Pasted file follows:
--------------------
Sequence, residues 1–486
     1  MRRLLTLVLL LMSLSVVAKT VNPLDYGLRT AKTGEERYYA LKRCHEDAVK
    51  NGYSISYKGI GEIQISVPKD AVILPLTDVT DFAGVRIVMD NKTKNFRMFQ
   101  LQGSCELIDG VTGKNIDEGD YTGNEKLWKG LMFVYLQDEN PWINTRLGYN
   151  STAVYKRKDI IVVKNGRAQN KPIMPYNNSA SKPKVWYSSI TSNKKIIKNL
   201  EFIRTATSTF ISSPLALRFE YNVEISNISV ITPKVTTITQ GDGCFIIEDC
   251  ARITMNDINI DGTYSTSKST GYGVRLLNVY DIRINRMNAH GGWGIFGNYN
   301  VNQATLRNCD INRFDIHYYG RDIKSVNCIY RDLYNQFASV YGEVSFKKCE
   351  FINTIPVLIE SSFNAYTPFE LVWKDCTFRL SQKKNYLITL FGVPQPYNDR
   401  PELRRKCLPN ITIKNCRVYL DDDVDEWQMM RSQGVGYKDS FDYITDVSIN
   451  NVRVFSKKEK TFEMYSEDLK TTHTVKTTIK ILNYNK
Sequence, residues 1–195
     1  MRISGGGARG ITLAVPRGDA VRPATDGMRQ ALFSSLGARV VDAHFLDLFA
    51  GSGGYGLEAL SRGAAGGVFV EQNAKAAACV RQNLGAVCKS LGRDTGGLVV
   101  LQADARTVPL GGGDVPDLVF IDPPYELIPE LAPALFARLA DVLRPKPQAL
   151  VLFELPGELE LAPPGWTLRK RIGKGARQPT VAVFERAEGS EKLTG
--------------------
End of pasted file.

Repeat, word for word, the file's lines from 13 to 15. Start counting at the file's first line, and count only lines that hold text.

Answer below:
     1  MRISGGGARG ITLAVPRGDA VRPATDGMRQ ALFSSLGARV VDAHFLDLFA
    51  GSGGYGLEAL SRGAAGGVFV EQNAKAAACV RQNLGAVCKS LGRDTGGLVV
   101  LQADARTVPL GGGDVPDLVF IDPPYELIPE LAPALFARLA DVLRPKPQAL